Protein phosphatase 1 (PP1) is one of the major phosphatases responsible for protein dephosphorylation in eukaryotes. Protein phosphatase 1 regulatory subunit 12B (PPP1R12B), one of the regulatory subunits of PP1, can bind to PP1cδ, one of the catalytic subunits of PP1, and modulate the specificity and activity of PP1cδ against its substrates. Phosphorylation of PPP1R12B on threonine 646 by Rho kinase inhibits the activity of the PP1c-PPP1R12B complex. However, it is not currently known whether PPP1R12B phosphorylation at threonine 646 and other sites is regulated by insulin. We set out to identify phosphorylation sites in PPP1R12B and to quantify the effect of insulin on PPP1R12B phosphorylation by using high-performance liquid chromatography-electrospray ionization-tandem mass spectrometry.
14 PPP1R12B phosphorylation sites were identified, 7 of which were previously unreported. Potential kinases were predicted for these sites. Furthermore, relative quantification of PPP1R12B phosphorylation sites for basal and insulin-treated samples was obtained by using peak area-based label-free mass spectrometry of fragment ions. The results indicate that insulin stimulates the phosphorylation of PPP1R12B significantly at serine 29 (3.02 ± 0.94 fold), serine 504 (11.67 ± 3.33 fold), and serine 645/threonine 646 (2.34 ± 0.58 fold).
PPP1R12B was identified as a phosphatase subunit that undergoes insulin-stimulated phosphorylation, suggesting that PPP1R12B might play a role in insulin signaling. This study also identified novel targets for future investigation of the regulation of PPP1R12B not only in insulin signaling in cell models, animal models, and in humans, but also in other signaling pathways.
PPP1R12B; Phosphorylation; HPLC-ESI-MS/MS; Insulin signaling; Label-free; Quantification
PPP1R13L was initially identified as a protein that binds to the NF-κB subunit p65/RelA and inhibits its transcriptional activity. It also binds p53 and inhibits its action. One set of experimental findings based on overexpression of PPP1R13L indicates that PPP1R13L blocks apoptosis. Another set of experiments, based on endogenous production of PPP1R13L, suggests that the protein may sometimes be pro-apoptotic. We have used primary mouse embryonic fibroblasts (MEFs), dually transformed by HRAS and adenovirus E1A and differing in their p53 status, to explore the effects of PPP1R13L overexpression, thus examining the ability of PPP1R13L to act as an oncoprotein. We found that overexpression of PPP1R13L strongly accelerated tumor formation by RAS/E1A. PPP1R13L overexpressing cells were depleted for both p53 and active p65/RelA and we found that both p53-dependent and -independent apoptosis pathways were modulated by PPP1R13L. Finally, studies with the proteasome inhibitor MG132 revealed that overexpression of PPP1R13L causes faster p53 degradation, a likely explanation for the depletion of p53. Taken together, our results show that increased levels of PPP1R13L can increase tumorigenesis and furthermore suggest that PPP1R13L can influence metastasis.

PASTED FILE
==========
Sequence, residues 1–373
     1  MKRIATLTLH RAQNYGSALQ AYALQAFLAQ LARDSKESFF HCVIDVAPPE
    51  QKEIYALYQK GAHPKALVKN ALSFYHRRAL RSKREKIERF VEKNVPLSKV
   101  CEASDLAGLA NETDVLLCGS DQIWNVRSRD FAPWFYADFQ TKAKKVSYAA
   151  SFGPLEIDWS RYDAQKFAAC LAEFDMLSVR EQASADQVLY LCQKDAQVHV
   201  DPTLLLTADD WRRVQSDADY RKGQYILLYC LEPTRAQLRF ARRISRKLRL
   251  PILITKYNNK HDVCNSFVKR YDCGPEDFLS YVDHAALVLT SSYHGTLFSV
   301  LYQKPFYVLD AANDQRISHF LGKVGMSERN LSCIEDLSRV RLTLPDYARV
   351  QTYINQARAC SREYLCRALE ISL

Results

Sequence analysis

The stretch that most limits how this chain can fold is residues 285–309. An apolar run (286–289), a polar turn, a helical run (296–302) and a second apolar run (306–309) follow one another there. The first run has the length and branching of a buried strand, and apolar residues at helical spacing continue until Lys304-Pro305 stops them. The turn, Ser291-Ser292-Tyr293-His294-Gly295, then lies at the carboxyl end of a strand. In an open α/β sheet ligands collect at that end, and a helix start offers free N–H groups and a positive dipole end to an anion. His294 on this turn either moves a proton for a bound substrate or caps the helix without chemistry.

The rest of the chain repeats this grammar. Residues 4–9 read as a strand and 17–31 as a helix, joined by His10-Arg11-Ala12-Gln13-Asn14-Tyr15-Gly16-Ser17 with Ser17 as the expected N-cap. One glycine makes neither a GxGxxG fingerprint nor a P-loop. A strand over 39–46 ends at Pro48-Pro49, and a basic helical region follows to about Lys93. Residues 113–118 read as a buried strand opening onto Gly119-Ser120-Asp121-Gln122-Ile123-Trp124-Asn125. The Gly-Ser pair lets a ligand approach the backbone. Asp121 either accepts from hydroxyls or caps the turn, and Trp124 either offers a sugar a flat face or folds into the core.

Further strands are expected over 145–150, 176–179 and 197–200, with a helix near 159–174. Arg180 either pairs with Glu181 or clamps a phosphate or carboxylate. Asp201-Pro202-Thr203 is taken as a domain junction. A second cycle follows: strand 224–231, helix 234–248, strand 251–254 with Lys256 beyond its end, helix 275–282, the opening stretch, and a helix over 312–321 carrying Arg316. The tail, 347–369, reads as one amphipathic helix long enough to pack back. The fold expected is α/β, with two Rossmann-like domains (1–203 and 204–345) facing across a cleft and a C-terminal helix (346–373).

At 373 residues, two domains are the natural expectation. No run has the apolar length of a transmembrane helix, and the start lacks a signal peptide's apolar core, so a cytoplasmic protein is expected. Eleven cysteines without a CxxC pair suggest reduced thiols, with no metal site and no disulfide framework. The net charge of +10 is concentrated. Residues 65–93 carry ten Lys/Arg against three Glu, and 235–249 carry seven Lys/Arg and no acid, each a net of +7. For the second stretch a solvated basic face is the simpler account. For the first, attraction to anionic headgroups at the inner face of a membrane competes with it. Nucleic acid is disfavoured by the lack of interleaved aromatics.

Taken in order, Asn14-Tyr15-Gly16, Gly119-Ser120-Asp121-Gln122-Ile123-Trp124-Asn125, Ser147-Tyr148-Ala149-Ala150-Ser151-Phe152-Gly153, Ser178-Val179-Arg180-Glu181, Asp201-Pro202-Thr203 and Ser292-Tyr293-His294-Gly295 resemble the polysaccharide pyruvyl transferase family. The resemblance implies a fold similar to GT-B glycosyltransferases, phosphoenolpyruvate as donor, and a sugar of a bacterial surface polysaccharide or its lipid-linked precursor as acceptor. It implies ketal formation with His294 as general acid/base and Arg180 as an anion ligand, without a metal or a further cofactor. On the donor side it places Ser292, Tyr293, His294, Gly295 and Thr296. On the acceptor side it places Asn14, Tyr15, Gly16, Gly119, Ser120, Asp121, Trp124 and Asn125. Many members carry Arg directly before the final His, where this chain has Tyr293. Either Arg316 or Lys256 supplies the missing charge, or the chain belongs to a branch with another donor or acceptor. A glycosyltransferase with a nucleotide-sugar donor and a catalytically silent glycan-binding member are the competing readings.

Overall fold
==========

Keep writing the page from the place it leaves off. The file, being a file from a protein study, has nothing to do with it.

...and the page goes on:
PPP1R13L gene; malignant transformation; tumorigenesis; tumor cell migration; tumor suppressor p53
Many pharmaceuticals used to treat cancer target the cell cycle or mitotic spindle dynamics, such as the anti-tumor drug, paclitaxel, which stabilizes microtubules. Here we show that, in cells arrested in mitosis with the spindle toxins, nocodazole, or paclitaxel, the endogenous protein phosphatase 4 (Ppp4) complex Ppp4c-R2-R3A is phosphorylated on its regulatory (R) subunits, and its activity is inhibited. The phosphorylations are blocked by roscovitine, indicating that they may be mediated by Cdk1-cyclin B. Endogenous Ppp4c is enriched at the centrosomes in the absence and presence of paclitaxel, nocodazole, or roscovitine, and the activity of endogenous Ppp4c-R2-R3A is inhibited from G1/S to the G2/M phase of the cell cycle. Endogenous γ-tubulin and its associated protein, γ-tubulin complex protein 2, both of which are essential for nucleation of microtubules at centrosomes, interact with the Ppp4 complex. Recombinant γ-tubulin can be phosphorylated by Cdk1-cyclin B or Brsk1 and dephosphorylated by Ppp4c-R2-R3A in vitro. The data indicate that Ppp4c-R2-R3A regulates microtubule organization at centrosomes during cell division in response to stress signals such as spindle toxins, paclitaxel, and nocodazole, and that inhibition of the Ppp4 complex may be advantageous for treatment of some cancers.
Cdk1; cell cycle; centrosome; nocodazole; paclitaxel; protein phosphatase 4; γ-tubulin
Calcineurin, a Ca2+/calmodulin-dependent protein phosphatase, plays a critical role in controlling skeletal muscle fiber type. However, little information is available concerning the expression of calcineurin in goat. Therefore, protein phosphatase 3 catalytic subunit alpha isoform (PPP3CA) gene, also called calcineurin Aα, was cloned and its expression characterized in Tianfu goat muscle. Real time quantitative polymerase chain reaction (RT-qPCR) analyses revealed that Tianfu goat PPP3CA was detected in cardiac muscle, biceps femoris muscle, abdominal muscle, longissimus dors muscle, and soleus muscle. High expression levels were found in biceps femoris muscle, longissimus muscle and abdominal muscle (p < 0.01), and low expression levels were seen in cardiac muscle and soleus muscle (p > 0.05). In addition, the spatial-temporal mRNA expression levels showed different variation trends in different muscles with the age of the goats. Western blotting further revealed that PPP3CA protein was expressed in the above-mentioned tissues, with the highest level in biceps femoris muscle, and the lowest level in soleus muscle. In this study, we isolated the full-length coding sequence of Tianfu goat PPP3CA gene, analyzed its structure, and investigated its expression in different muscle tissues from different age stages. These results provide a foundation for understanding the function of the PPP3CA gene in goats.